Subseasonal to seasonal tropical forecasts using a Coupled Linear Inverse Model (C-LIM)

(Experimental NOAA/ESRL PSL and CIRES/U. of Colorado Forecast)
NEWC-LIM VERSION 3.2beta: Interim update.
Resolution improved to 2x2 degree, replaced NCEP R1 winds with CFSR winds, and updates one day sooner.

Forecasts and verifications of Tropical Convection, Wind, and SST anomalies:

Experimental forecasts of four key tropical fields, outgoing longwave radiation (OLR), 200 and 850 mb winds, and thermocline depth and sea surface temperature (SST); other variables may become available at a later date. Anomalies are averaged with a 5-day running mean and are relative to a 1982-2011 daily climatology (smoothed with a 31-day running mean). Forecast verification time is the central day of the forecast period. Projected skill is for the pattern correlation of forecast and verification throughout the entire tropical region.

Current initialization and a few selected forecast anomalies of OLR (W/m2), winds (m/s), 20 C isotherm depth (m, blue=positive), and SST (oC):


One key benefit of the C-LIM is that the eigenvectors of its dynamical evolution operator separate into two distinct, but nonorthogonal, subspaces: one governing the nearly uncoupled subseasonal dynamics, and the other governing the strongly coupled longer term dynamics. This results in a dynamically-based filter that, unlike bandpass or EOF-based filtering, can distinguish between variability having similar spatial structures but very different time scales due to differences between coupled air-sea and internal atmospheric dynamics. We project the tropical data onto these two subspaces, producing a real-time clean split of OLR, wind, and SST anomalies into subseasonal variations including the MJO ("internal"), and longer term variations including ENSO ("coupled"). Hovmullers of the filtered datasets are updated daily; also available is an atlas of the C-LIM filtered data going back to 1982.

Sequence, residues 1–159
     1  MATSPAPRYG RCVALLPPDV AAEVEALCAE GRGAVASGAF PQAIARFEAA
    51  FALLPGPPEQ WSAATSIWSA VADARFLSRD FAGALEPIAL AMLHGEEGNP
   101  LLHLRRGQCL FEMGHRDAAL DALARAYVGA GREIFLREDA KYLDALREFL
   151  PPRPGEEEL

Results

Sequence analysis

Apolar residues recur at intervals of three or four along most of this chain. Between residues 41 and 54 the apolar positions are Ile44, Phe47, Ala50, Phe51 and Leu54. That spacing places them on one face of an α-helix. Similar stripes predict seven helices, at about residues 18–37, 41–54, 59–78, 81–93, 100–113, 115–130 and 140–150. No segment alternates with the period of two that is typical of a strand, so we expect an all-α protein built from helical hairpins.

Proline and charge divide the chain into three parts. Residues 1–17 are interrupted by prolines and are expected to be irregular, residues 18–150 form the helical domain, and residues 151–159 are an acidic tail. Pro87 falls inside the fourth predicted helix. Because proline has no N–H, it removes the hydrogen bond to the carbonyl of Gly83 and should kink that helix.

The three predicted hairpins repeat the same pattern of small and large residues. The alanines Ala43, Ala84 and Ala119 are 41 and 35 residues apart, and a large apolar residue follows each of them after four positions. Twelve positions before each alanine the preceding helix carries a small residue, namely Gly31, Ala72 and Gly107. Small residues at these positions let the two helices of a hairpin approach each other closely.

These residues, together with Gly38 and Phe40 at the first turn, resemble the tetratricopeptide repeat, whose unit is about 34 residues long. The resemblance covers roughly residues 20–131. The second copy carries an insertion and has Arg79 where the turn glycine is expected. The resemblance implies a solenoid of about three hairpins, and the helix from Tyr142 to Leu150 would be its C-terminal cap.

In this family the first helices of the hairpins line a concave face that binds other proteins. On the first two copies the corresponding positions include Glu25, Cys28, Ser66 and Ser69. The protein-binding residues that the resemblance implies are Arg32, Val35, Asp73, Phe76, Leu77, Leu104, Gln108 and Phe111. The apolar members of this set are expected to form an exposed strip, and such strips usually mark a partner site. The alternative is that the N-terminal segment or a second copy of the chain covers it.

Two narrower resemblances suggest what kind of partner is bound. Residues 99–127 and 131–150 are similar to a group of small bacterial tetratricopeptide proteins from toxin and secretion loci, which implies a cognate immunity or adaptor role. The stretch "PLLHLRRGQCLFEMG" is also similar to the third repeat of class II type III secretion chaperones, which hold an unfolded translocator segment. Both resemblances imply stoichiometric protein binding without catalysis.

For a full description of the C-LIM methodology and a detailed analysis of the previous C-LIM version (v1.0), see:

  • Newman, M., P. D. Sardeshmukh, and C. Penland, 2009: How important is air-sea coupling in ENSO and MJO evolution? J. Climate, 22, 2958-2977.

    Standard disclaimer: these forecasts are experimental. NOAA/PSL and CIRES/University of Colorado are not responsible for any loss occasioned by the use of these forecasts.